After an underwhelming first year on the market, 2014 has been a much better year for the Wii U. The system is still lagging behind its new-gen competitors in sales but the addition of high profile software (specifically Mario Kart 8 and Super Smash Bros. Wii U) has given Nintendo’s system some much-needed momentum. Super Smash Bros. Wii U became the fastest selling Wii U game to date, and helped lift system sales in November, as well as made the official Nintendo Gamecube Controller Adapter one of the most sought after items of Holiday 2014.
However, along with commercial success and critical acclaim (read our Super Smash Bros. Wii U review), Nintendo’s latest installment of the zany fighting game series has also caused major problems for a significant number of players (after a glitch in the 3DS version already banned several gamers for 136 years). In recent days, an increasing number of users have encountered a pair of game-breaking (and sometimes system-bricking) error codes: 160-0103 and 160-1710. Fortunately, it sounds as though Nintendo has wasted no time in addressing the issue.
A few days back (from the time of this writing), a Nintendo representative named “Julie” posted to the Miiverse message boards indicating that the publisher was looking into the errors – and attempting to remedy the problem ASAP.
At the time, it sounded as though the errors were isolated to Super Smash Bros. Wii U‘s “For Glory” mode – which appeared to be the primary culprit. While the errors affected individual users differently, players have described everything from corrupted saves to entirely bricked systems – causing many to set the title aside until the problem is addressed. In the days since, additional users have reportedly encountered the errors without ever playing “For Glory” or Super Smash Bros. Wii U at all – indicating that 160-0103 and 160-1710 are actually glitches in the Wii U system software.
Here’s a (brief) breakdown of the update from the official Nintendo Support site:
Changes in system software version 5.3.2
System stability improvements and other adjustments – Further improvements to overall system stability and other minor adjustments have been made to enhance the user’s experience.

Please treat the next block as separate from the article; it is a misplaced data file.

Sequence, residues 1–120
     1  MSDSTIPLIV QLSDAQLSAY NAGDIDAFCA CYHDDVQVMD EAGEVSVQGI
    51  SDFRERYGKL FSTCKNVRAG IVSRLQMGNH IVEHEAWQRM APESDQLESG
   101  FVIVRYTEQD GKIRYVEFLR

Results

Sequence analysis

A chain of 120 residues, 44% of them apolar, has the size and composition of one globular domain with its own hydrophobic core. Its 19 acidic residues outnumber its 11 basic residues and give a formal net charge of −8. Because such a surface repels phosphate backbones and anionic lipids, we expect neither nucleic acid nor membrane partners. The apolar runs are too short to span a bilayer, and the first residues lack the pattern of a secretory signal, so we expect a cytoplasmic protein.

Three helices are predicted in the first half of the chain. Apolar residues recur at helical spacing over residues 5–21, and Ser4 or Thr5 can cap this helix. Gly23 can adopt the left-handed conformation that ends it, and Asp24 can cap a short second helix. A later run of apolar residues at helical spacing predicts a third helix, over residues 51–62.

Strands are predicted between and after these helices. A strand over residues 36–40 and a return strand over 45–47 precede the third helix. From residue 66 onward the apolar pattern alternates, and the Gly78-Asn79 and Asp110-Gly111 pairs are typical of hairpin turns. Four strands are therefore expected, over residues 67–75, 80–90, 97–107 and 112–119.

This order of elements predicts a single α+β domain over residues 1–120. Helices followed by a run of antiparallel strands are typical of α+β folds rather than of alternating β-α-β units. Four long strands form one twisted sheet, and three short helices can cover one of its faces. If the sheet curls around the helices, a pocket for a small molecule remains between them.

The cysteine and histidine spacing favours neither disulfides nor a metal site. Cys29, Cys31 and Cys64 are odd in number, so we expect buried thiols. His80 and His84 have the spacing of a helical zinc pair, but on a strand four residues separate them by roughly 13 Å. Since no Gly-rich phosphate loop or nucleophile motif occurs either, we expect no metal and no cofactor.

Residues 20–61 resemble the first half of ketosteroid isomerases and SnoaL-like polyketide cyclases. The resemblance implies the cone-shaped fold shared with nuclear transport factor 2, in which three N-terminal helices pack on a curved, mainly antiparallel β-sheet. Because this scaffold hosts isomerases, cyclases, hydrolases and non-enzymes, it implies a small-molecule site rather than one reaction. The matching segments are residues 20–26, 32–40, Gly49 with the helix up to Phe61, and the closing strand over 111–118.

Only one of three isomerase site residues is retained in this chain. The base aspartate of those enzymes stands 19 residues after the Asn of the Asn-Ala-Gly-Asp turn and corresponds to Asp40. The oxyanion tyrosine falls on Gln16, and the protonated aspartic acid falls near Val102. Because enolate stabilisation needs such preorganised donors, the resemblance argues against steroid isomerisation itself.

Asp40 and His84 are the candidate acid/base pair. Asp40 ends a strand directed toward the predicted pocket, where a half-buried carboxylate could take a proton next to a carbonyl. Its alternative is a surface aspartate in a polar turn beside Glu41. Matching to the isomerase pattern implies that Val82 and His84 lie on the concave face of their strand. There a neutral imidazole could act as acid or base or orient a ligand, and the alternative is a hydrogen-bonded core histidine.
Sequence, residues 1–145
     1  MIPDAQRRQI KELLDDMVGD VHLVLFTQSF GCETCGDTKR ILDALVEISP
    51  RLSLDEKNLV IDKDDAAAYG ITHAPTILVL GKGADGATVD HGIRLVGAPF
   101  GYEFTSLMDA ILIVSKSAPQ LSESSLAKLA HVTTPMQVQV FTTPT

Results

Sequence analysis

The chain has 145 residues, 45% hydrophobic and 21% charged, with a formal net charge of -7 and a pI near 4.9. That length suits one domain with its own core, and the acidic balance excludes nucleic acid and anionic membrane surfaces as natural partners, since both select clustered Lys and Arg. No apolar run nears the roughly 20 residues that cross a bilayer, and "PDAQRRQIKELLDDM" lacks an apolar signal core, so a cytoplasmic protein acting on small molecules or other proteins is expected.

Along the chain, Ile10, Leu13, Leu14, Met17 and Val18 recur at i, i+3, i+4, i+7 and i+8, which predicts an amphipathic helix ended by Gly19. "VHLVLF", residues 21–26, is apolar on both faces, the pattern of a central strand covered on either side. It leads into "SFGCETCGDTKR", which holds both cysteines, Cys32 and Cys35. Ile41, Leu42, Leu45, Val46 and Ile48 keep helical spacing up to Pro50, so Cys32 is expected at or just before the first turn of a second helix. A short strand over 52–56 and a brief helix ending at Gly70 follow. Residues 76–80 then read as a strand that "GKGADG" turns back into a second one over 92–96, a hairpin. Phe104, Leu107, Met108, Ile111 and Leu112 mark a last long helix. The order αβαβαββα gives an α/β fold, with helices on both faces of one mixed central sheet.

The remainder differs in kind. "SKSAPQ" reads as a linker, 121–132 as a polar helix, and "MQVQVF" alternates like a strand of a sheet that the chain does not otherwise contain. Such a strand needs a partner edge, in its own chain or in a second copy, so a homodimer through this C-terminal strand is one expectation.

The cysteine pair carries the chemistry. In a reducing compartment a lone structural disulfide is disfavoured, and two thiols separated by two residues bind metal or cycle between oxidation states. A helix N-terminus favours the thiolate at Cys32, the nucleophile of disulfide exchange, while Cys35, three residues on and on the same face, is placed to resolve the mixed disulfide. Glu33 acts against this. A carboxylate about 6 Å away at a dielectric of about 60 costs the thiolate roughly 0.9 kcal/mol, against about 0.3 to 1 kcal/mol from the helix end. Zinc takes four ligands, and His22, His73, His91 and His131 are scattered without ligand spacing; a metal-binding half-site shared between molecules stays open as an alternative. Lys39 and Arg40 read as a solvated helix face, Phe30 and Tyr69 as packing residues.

Unfortunately, Nintendo does not specify exactly what aspects of the system have been stabilized in the update but it’s easy to imagine that 5.3.2 is intended to address errors 160-0103 and 160-1710. By comparison, the description for 5.3.1 was much more specific and outright claimed to have “fixed” Error Code 104-1825 (which prevented Mario Kart 8 players from uploading highlight reels to YouTube). As we know from problems with PS4 update 2.0, OS patches can cause unintended issues to pop-up – and, as a result, it’d be strange for Nintendo to push out a new update that doesn’t make strides in addressing the primary problem that users are experiencing.
That said, Nintendo’s reluctance to outright state that version 5.3.2 solves the aforementioned errors could mean that the software team isn’t entirely sure that they’ve nipped those errors entirely. Internal testing may have indicated that the problem has been contained but Nintendo is probably smart to release the update and see if it works – before taking credit for solving such a high profile problem. Still, the update comes only four days after version 5.3.1 – by far the quickest turnaround for a Wii U system update in the console’s history. Typically, Wii U system updates occur every few months, with a few exceptions, indicating that 5.3.2 was pushed out to address a specific problem – not just provide routine stability improvements.
Ultimately, gamers who are holding-out for a confirmed fix may want to wait a bit longer before playing their Wii U. It may take a little while before gamers (and Nintendo) know for sure that the new system update has completely resolved the latest error code issue – as players across the globe stress test the new OS.
Super Smash Bros. is currently available on both the Nintendo 3DS and Wii U in North America.
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